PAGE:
F.C.J. Mertens, biographical remarks

According to
Gottwald, Siegfried; Ilgauds, Hans-Joachim; Schlote, Karl-Heinz
Lexikon bedeutender Mathematiker
Leipzig, BI 1990 Mertens was born (on March 20, 1840) in Wreschen (German name) - Wrez/snia (Polish name). Having studied in Berlin, he received his doctoral degree 1864 , became a.o.professor in Krakau (German name) - Krakow (Polish name) in 1865, full professor there in 1869, and from there continued as full professor in Graz 1884 and in Vienna from 1894 until 1911 (where he died on March 5, 1927).

Some of circumstances of this information illustrate - to our eyes curiosities of - the Polish-German connections during the last century.

Between 1795 and 1918 an independent state of Poland did not exist; its territories had been divided between Russia, Austria and Prussia, and a settlement - so to speak final until 1918 - had been arranged at the congress of Vienna in 1815 . According to that, the territories under Prussian administration formed the Grandduchy of Posen (German name) - Poznan (Polish name), and that they remained until, after the unpleasantness of 1848, they were reorganized as a Prussian province. Still, it remained the Prussian policy until about 1871 to consider that territory as Polish and not German - with a Polish diet, independent language and Polish schools (mainly in the hands of the Polish catholic clergy). About the time of Mertens birth, the Polish population in towns such as Poznan made up around 80 percent, and in the villages more than 90 percent - a situation that had come about over centuries of slow immigration from the West of tradespeople and craftsmen in the towns, and of invited groups of settlers in the farmlands. The abolition of serfdom in the Prussian administered territory took place in 1823, in the Austrian administered one after 1848, while in the Russian administered territory it had to wait until the 20th century. A policy of enforced Germanization in the province of Posen was begun after the German unification of 1871 .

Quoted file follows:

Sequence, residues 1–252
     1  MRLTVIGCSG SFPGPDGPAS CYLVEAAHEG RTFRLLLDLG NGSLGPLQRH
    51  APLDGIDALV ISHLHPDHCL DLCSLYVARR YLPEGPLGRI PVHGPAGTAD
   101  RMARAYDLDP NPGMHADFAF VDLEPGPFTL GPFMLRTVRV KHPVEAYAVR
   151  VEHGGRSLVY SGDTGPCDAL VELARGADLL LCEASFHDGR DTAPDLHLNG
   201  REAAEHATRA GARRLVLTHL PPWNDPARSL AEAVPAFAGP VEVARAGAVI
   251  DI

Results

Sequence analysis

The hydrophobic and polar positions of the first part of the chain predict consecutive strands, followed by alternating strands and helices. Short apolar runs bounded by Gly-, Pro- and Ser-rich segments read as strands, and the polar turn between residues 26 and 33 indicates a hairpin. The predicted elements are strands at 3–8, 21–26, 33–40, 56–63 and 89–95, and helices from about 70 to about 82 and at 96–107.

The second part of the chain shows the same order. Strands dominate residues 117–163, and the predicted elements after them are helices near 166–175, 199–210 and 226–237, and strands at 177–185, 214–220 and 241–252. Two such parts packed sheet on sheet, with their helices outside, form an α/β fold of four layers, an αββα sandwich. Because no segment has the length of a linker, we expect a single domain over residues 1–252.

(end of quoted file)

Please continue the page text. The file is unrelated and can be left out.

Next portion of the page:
From the form of Mertens' first name(s), Franciszek in Mr. Cabillon's source, and Franz Carl Joseph in the other, it is not clear whether his parents considered themselves as Polish or as German; the family name 'Mertens' is not of Polish origin (but may also come from the Netherlands which in earlier times as well had contributed settlers). In any case, Mertens chose to live in German speaking cultures - first in Berlin, then at Krakau belonging to the Austrian university system, and continuing in the Austrian towns of Graz and Vienna.

Posted on the Historia Matematica Mailing List by Walter Felscher ( on Sun, 26 Sep 1999